3) Basic Maintenance Around the House
This one is also going to be easy. I should be able to accomplish all this in one Saturday if I don’t get distracted by whatever sport is on TV at the moment.
- Change Furnace Filters Regularly. This comes down to your preference, but most heating/air guys will tell you that you should replace your filters each month. I’ll go ahead and get a case and have them on hand so that I can easily accomplish this each month. Perhaps add the task to my calendar each month. Some thermostats will actually allow you to track when you need to replace it (assuming you told the thermostat when you last replaced one.)
- Check insulation on doors and windows. If daylight is seen or a draft of air is felt, there’s not enough insulation. It may be that weatherstripping or caulking is in need of replacement. I personally happen to know of a couple doors that aren’t sealing correctly. It is time to fix that.
- Clean the gutters and drain pipe. I’ve had the experience of water in the basement in the past and really don’t want that again. We did some aggressive landscaping to fix some of the ground drainage problems that allowed the water in the basement, but part of the problem was also brought on because our gutters weren’t cleaned out and the drain pipes were clogged. I believe that I cleared them out one last time for winter, but it won’t hurt to check once more.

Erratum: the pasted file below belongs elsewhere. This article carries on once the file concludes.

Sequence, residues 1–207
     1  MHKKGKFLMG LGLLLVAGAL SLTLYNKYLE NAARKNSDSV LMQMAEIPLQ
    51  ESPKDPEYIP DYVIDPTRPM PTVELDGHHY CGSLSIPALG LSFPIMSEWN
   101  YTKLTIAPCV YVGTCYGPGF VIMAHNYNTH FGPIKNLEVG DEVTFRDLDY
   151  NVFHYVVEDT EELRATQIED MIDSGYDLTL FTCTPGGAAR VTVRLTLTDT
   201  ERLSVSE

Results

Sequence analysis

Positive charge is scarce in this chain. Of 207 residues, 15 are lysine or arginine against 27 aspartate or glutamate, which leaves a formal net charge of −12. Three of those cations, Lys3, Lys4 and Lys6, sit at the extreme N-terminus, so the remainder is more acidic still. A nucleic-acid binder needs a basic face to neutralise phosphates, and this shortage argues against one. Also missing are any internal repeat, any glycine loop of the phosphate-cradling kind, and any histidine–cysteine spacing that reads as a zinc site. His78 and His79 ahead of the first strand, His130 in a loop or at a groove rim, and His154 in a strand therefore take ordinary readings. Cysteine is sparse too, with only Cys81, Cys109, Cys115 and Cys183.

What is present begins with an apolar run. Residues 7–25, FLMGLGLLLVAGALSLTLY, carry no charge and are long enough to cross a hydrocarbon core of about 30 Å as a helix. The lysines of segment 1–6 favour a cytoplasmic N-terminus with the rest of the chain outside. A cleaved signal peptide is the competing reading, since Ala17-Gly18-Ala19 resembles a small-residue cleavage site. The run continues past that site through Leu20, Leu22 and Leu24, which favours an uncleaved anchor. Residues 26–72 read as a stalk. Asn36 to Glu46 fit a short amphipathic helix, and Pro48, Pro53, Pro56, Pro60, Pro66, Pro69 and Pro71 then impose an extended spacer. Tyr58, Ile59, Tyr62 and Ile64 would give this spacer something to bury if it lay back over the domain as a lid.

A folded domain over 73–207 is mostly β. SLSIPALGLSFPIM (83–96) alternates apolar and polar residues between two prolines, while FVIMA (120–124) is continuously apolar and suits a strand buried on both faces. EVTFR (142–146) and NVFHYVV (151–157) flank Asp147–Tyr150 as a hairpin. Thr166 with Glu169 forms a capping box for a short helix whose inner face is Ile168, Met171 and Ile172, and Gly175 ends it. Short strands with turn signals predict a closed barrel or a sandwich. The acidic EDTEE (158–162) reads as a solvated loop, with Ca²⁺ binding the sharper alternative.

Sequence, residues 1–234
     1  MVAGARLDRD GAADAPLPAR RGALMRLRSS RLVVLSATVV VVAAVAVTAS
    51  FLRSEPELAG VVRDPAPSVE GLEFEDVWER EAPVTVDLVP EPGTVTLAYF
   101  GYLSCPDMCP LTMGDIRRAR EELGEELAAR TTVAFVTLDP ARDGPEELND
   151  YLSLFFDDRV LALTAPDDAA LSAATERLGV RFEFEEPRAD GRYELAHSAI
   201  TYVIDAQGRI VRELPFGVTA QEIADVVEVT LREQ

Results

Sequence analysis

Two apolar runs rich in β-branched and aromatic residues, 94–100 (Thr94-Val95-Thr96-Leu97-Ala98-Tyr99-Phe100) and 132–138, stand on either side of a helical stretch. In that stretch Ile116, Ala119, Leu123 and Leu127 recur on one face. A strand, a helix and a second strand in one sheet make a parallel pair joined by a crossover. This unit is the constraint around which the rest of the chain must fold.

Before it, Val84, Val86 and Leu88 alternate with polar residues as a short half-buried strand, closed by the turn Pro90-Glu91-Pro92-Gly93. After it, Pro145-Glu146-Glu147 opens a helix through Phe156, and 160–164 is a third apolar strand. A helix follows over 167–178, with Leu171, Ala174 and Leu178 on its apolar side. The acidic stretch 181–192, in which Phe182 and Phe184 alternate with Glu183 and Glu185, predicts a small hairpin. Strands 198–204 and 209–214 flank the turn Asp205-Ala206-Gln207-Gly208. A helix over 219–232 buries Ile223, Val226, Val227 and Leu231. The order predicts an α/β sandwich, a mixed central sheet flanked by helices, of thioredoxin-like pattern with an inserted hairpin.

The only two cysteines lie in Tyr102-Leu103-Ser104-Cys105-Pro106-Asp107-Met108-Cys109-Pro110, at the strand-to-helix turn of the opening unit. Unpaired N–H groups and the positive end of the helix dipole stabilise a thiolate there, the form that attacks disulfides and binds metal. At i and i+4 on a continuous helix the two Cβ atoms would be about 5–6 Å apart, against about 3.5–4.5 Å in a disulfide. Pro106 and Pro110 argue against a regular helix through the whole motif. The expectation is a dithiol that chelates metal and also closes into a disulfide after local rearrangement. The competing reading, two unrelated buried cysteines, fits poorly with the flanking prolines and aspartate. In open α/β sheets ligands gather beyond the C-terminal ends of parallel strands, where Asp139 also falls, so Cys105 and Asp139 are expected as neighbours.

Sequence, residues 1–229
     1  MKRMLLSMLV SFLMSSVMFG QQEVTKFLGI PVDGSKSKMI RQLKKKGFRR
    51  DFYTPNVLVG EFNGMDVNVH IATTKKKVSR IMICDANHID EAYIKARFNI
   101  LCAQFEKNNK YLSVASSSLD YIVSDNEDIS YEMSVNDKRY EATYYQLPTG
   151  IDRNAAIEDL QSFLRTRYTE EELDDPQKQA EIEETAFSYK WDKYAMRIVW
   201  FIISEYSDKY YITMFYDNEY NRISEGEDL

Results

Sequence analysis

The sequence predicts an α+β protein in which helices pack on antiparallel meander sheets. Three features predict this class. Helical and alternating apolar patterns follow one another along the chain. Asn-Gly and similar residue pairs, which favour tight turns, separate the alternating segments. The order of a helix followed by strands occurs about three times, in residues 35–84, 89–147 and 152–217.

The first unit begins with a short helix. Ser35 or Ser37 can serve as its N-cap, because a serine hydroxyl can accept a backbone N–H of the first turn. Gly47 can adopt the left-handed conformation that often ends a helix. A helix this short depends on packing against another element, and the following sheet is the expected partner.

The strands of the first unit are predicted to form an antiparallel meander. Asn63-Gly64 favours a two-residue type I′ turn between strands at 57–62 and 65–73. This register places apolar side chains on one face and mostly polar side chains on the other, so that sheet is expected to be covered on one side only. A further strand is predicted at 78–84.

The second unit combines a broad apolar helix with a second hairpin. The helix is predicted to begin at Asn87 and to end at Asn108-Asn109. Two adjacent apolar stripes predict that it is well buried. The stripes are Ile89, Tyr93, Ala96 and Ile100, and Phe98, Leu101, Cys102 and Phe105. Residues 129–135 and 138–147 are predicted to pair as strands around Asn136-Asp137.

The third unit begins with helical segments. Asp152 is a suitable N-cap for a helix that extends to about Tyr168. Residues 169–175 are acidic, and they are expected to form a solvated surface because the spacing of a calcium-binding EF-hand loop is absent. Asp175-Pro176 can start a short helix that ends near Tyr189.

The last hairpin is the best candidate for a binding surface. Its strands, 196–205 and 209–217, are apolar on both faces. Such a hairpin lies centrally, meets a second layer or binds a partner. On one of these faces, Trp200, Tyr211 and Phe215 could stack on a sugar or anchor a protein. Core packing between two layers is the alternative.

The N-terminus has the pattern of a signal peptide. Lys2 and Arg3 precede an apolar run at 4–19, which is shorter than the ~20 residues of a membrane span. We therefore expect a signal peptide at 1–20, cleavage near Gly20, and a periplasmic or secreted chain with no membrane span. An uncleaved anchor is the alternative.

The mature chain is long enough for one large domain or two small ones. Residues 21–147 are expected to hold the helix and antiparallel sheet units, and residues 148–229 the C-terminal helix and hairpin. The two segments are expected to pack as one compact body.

- Check to see that the ductwork leading to and from the heat recovery ventilator is in good shape, the joints are tightly sealed and any duct insulation and plastic duct wrap is free of tears and holes. I know that this is something that I need to do.
4) Winterize Outdoor Power Equipment.
You may have this accomplished already but if not, now is the time to take care of your power equipment. Be sure to check out this article on winterizing your outdoor power equipment. You can also go ahead and add to your calendar to have the machines tuned up in preparation for spring.
5) Pruning of Trees and Shrubs
Now is a great time to go out and assess your landscaping. It is a good time to gather estimates on any tree removals that need to take place. Research reputable tree removal companies that have some longevity in the business, have adequate insurance and can produce customer referrals for similar work.